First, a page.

Close Up Vol. 4, Songs of Family [+digital booklet]

October 9, 2012 | Format: MP3

$9.99
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Digital Booklet: Close Up Vol. 4, Songs of Family
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Product Details

  • Original Release Date: October 9, 2012
  • Release Date: October 9, 2012
  • Label: Amanuensis Productions
  • Record Company Required Metadata: Music file metadata contains unique purchase identifier. Learn more.
  • Total Length: 47:35
  • Genres:
  • ASIN: B009I5QQ06
  • Average Customer Review: 4.8 out of 5 stars  See all reviews (13 customer reviews)
  • Amazon Best Sellers Rank: #83,584 Paid in Albums (See Top 100 Paid in Albums)

Customer Reviews

4.8 out of 5 stars
5 star
85%
4 star
15%
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See all 13 customer reviews
It's a good variety and can be listened to multiple times.
Lester H. Nathan
I think they contain some of Suzanne Vega's best work, and I recommend all four volumes very warmly.
Sid Nuncius
A beautiful and sad story, sung with her unique style of lyricism.
E. May

Most Helpful Customer Reviews

17 of 17 people found the following review helpful By Sid Nuncius TOP 100 REVIEWER on October 10, 2012
Format: Audio CD
All four of these Close Up albums are really excellent. For me these stripped-down re-workings of her songs shed a new light on many of them and in a lot of cases I prefer them to the originals.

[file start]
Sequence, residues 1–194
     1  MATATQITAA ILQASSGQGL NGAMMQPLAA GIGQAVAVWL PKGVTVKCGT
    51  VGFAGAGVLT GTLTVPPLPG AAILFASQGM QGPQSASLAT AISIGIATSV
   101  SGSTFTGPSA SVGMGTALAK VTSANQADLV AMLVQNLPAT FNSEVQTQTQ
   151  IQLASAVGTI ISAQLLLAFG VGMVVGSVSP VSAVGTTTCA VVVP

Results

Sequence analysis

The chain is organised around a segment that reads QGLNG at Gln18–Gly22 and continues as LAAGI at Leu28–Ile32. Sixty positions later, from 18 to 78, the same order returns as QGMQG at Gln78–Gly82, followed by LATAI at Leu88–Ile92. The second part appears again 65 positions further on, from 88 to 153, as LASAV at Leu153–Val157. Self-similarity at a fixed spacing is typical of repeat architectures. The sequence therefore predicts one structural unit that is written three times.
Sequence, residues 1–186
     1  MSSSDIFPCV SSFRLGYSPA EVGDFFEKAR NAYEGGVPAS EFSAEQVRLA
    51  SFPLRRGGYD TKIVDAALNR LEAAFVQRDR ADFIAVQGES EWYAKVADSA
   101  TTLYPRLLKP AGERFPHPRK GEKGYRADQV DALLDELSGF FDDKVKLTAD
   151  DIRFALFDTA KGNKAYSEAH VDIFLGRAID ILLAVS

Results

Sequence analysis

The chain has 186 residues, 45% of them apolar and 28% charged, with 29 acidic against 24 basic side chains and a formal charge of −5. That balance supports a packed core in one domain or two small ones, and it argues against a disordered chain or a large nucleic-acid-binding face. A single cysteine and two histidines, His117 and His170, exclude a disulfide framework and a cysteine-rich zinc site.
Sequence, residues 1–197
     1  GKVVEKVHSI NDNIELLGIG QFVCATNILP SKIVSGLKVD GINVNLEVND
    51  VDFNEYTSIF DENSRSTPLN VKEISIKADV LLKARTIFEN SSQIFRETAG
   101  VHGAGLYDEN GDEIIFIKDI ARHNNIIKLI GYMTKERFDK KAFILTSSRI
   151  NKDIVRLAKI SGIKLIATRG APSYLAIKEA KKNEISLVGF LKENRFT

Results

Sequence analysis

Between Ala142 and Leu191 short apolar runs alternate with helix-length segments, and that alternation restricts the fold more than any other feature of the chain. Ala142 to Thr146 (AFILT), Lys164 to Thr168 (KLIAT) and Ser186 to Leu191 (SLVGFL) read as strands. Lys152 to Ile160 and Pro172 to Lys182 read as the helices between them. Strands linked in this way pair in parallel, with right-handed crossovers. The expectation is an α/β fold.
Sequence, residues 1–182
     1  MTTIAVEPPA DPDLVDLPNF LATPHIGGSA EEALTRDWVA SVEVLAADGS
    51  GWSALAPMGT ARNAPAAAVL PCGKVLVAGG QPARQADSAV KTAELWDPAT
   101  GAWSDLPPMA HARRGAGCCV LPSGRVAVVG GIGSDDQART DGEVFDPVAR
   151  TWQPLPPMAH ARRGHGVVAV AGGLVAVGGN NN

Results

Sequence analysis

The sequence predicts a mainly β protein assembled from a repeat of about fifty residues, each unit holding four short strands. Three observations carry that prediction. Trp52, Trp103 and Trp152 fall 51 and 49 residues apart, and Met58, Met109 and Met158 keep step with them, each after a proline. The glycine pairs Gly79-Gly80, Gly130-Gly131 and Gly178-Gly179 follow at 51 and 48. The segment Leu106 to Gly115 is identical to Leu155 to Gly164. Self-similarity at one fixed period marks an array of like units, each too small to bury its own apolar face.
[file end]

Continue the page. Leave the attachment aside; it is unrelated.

That haunting voice is still wonderful - a little huskier and more breathy perhaps which only adds to the atmosphere of the recording. The principal instrument is her acoustic guitar, played beautifully and often solo but augmented by delicate additions of things like organ and electric lead where appropriate. It takes really good material to shine with such minimal production, and these complex, often quirky songs show what very fine music and lyrics Vega has produced. The whole thing sounds intimate and personal (as was the intention), made more so by being quite close-miked and beautifully recorded. The four volumes are simply excellent throughout with great hits sounding original and fresh, and less well-known songs making you wonder why they are less well-known.